Prices paid to U.S producers fell sharply in August according to data released on Tuesday, painting a gloomy picture for U.S growth.

The National Association of Home Builders-Wells Fargo Housing Market index dipped two points to 20 in September, the association said in a statement today. The drop matches the record low set in January of 1991 when the economy was in a full recession.

The drop was the largest since a 1.5 percent dip last October, while the 6.6 percent decline in finished energy goods prices last month was the sharpest since an 8.0 fall in April 2003, according to the Labor Department .

The producer-price report is the second of three monthly inflation gauges.

The government said on Sept. 14 that import prices dropped 0.3 percent in August, the first decline in seven months. Results for consumer prices will be issued on Wednesday.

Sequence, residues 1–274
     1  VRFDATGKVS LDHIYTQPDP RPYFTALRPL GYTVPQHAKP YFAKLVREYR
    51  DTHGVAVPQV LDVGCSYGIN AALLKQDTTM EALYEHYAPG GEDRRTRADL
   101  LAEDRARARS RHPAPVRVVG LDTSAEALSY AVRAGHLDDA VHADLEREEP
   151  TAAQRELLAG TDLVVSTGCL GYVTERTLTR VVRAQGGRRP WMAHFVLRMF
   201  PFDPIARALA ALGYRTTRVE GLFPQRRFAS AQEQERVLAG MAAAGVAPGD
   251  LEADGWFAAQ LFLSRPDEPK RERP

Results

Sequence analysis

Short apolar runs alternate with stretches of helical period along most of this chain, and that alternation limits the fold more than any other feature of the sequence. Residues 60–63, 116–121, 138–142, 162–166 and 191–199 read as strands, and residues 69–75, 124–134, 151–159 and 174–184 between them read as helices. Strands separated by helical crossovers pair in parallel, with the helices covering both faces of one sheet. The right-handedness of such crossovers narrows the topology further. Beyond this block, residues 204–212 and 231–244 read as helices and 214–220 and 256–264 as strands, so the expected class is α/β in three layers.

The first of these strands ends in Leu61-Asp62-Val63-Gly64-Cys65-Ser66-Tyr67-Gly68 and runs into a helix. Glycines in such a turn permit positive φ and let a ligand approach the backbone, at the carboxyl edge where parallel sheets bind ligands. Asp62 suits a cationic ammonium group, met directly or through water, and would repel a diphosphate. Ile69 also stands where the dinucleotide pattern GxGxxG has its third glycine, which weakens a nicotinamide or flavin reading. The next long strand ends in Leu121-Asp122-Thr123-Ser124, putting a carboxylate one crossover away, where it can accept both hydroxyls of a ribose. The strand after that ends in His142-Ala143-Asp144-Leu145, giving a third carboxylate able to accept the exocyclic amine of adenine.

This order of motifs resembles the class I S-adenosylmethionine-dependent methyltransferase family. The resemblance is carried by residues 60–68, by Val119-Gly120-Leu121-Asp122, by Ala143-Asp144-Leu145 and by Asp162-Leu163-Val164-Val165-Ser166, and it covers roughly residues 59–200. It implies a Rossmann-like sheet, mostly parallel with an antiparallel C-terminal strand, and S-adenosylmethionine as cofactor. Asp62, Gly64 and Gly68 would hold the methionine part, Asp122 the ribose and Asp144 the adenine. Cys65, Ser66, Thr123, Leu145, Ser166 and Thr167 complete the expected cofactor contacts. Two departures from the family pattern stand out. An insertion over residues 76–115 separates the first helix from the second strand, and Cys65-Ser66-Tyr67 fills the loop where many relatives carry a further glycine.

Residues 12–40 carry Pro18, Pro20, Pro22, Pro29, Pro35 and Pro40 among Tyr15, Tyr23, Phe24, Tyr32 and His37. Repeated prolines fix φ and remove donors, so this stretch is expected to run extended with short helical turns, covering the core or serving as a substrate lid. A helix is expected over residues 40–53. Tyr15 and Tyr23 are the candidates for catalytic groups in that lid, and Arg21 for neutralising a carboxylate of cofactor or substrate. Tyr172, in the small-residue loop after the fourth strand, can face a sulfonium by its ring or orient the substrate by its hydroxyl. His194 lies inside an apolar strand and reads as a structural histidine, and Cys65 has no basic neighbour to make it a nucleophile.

The Federal Reserve responded to the adverse numbers by cutting interest rates by half a percentage point to 4.75 percent, a move designed to soothe the turbulent financial markets.

Oil prices have since rebounded and U.S. crude oil hit a new record of $82.16 a barrel, sending a warning that inflation is still at risk from energy prices.

Other data also alluded to a weak U.S economy.

Research firm RealtyTrac said U.S. home foreclosure filings rose 36 percent in August to 243,947, the highest since it began its monthly report in January 2005 and 115 percent above the year-ago level.